Nursing NROTC

Discussion in 'ROTC' started by ssswalk, Feb 28, 2012.

  1. ssswalk

    ssswalk New Member

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    Hey y'all, I have applied for the Nursing NROTC program. I have not heard anything except that there is no decision made yet.
    I was wondering if any one knew about this program, the benefits and drawbacks from this program!
    Thanks y'all!! :smile:
     
  2. Aglahad

    Aglahad Member

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    If no NROTC nurses respond I can help you out even though I am on the army side of things.

    Just pm me.
     
  3. intruder533

    intruder533 New Member

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    Bad news

    I think that not hearing anything so far is probably good news. My daughter unfortunately got bad news last week from the website and in the mail yesterday. She had been working on this goal ever since she watched the nurses on the Uss Mercy pull into Haiti when she was 15.
    She was class president all through highschool. Captain of her varsity tenis. NHS, Mission trips, Clubs, 4.0, 28act. In her interview she was told "you will get this for sure". I am extremely proud of her and the effort she put in.
    Fortunately she has been awarded other scholarships to her first choice college. I really think this is a big loss for the Navy and I hope she wasnt a casuality of the Navys diversity push.
     
  4. kinnem

    kinnem Moderator

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    There is always NROTC as a college programmer if that's available where she attends college. There is always a chance at a side load scholarship.
     
  5. aglages

    aglages Parent

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    Your daughter should look into the the Navy Nurse Candidate Program. On my daughter's campus (and I imagine elsewhere) the Navy recruiter is pretty aggressively pursuing current sophomore nursing students with 3.0+ GPAs. This program has (IMHO) some nice benefits when compared to NROTC. You don't attend ANY military classes or functions while in college (allowing you to focus solely on academics) and after you pass the NCLEX you go to a 6 week officer training course which is primarily for health professionals. Maybe not as much $$$ as NROTC but definitely a possible alternative path to the same goal.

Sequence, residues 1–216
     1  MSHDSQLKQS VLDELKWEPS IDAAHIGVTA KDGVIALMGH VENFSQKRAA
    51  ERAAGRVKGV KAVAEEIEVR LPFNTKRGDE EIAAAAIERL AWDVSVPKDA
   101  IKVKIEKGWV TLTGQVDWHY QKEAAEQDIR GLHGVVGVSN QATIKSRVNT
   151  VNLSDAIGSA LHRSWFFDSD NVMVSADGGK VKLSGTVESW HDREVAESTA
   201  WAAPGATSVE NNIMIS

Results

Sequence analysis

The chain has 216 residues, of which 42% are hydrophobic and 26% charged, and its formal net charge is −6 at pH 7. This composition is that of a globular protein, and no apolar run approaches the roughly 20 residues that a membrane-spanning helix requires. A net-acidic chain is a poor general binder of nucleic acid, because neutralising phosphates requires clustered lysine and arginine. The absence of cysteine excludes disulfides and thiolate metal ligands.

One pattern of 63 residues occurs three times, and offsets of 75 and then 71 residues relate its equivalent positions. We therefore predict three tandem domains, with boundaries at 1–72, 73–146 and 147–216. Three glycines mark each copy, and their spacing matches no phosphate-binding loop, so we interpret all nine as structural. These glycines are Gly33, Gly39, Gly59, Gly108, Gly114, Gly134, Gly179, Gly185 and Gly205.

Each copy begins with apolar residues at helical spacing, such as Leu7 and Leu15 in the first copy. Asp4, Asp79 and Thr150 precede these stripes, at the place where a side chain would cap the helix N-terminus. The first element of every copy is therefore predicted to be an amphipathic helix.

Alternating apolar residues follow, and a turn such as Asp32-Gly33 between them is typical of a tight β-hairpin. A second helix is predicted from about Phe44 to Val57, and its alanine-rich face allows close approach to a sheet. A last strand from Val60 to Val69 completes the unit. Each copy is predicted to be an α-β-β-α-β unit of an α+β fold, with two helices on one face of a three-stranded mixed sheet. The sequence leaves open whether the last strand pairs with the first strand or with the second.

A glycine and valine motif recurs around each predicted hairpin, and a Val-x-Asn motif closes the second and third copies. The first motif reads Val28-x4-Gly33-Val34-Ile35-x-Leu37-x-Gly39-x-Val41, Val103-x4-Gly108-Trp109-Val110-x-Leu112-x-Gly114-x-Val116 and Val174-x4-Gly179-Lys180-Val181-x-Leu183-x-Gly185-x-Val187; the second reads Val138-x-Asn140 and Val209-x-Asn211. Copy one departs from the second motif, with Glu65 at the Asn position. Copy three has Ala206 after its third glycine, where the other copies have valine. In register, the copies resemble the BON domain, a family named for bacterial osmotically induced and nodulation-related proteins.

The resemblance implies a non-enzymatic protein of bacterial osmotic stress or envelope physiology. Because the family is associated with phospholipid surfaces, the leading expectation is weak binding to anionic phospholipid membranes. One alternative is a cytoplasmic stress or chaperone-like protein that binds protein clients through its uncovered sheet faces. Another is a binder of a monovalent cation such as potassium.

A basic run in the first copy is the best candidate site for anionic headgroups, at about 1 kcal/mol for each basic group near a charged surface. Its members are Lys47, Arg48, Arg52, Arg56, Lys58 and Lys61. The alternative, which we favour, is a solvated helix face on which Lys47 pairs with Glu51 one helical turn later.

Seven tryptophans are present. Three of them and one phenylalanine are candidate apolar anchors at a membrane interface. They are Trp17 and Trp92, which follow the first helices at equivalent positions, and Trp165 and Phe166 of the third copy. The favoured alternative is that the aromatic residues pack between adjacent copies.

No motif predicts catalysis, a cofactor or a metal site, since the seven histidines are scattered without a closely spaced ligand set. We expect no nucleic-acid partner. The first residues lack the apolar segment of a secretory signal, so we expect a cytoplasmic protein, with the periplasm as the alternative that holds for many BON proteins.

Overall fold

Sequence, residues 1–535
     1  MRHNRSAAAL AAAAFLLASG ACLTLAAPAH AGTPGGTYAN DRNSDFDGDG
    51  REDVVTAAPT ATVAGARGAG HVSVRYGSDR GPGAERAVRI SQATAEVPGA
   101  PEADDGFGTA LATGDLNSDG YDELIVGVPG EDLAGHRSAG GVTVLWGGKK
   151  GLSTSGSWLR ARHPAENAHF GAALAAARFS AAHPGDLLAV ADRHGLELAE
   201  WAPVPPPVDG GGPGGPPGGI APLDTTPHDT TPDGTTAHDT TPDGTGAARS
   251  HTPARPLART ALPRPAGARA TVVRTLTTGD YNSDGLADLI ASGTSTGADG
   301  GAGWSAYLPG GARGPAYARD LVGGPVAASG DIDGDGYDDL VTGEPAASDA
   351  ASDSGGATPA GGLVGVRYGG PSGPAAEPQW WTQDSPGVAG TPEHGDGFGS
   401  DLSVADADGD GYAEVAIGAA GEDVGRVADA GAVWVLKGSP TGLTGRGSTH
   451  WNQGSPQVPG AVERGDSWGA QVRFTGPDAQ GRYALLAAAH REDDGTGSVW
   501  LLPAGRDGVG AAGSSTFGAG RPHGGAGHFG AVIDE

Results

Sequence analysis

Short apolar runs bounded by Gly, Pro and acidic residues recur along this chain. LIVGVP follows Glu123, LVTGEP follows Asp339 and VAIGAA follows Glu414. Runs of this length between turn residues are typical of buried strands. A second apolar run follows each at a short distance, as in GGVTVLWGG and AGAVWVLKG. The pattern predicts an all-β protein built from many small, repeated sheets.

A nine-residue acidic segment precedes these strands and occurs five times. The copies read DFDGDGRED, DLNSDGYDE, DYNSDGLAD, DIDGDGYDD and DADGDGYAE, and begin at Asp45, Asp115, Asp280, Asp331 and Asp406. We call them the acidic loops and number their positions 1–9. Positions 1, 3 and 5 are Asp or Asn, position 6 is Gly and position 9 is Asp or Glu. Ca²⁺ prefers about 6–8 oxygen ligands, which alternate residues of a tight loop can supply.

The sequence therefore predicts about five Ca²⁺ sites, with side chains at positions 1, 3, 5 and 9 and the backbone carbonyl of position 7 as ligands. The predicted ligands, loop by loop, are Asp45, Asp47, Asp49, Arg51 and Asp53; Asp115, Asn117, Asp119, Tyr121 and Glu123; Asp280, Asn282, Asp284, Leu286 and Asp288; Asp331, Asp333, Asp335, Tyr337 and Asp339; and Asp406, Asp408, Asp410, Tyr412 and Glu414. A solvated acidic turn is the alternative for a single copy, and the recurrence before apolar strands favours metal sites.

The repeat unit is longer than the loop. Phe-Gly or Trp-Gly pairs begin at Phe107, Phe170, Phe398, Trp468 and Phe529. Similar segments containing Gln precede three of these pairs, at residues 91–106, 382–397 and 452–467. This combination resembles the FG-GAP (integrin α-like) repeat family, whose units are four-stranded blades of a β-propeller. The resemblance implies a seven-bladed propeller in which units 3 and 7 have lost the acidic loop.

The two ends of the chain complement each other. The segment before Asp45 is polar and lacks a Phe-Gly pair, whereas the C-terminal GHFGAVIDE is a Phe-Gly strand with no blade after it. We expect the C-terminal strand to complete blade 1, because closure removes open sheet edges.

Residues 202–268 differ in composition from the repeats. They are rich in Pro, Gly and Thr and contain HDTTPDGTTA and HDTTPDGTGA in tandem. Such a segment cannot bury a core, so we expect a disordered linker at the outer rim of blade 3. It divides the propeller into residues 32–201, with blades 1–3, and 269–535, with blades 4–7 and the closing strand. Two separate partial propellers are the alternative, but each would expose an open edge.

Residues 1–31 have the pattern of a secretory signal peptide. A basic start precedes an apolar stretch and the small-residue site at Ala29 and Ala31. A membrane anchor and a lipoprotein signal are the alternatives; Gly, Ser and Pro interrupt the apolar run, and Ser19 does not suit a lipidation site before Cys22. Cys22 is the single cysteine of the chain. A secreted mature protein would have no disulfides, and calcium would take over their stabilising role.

Good Luck!

    http://www.navy.com/joining/education-opportunities/undergraduate.html

    Nurse Candidate Program (NCP)
    If you are interested in becoming a highly respected nurse in a global health care network that promotes patient-focused care and humanitarian work, look into the NCP program. It offers up to $34,000 to help pay your way through nursing school. This includes an initial grant of $10,000 plus a monthly stipend of $1,000 for up to 24 months while earning your degree. You’ll also enjoy comprehensive military health-care benefits – with no uniforms, no drilling requirements and no service obligation until you graduate.
    From there, you’ll begin the process of being commissioned as a Navy Nurse Corps Officer and take on unrivaled professional responsibilities. Learn more about Nursing career opportunities in the Navy.
     
  6. ssswalk

    ssswalk New Member

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    Thanks for all y'alls help. I haven't heard anything yet from the Nursing Navy, but I appreciate it and hope for the best!
     
  7. softballmom

    softballmom New Member

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    My daughter is a freshman in college this year on the NROTC Nursing scholarship. She absolutely loves it! She is at a crosstown college, so her commute 3 times a week was a huge adjustment in the beginning, but after 2-3 weeks she got the hang of it.
     
  8. hiker

    hiker Member

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    Keep the faith! lasy year my daughter waited for word on both the Army and Navy for Nursing scholarships. Amazingly she ended up with both and then agonized over which one to choose. She finally chose Army because she liked the college better and is absolutely loving it! She is running around doing land navigation and Ranger Challenge and making some great friends. She is learning a lot about the Army and what it means to be an officer. There are other paths to become an Army or Navy nurse officer, but I think being a part of the ROTC program through your college years gives you a strong foundation for becoming an officer in that service.
     

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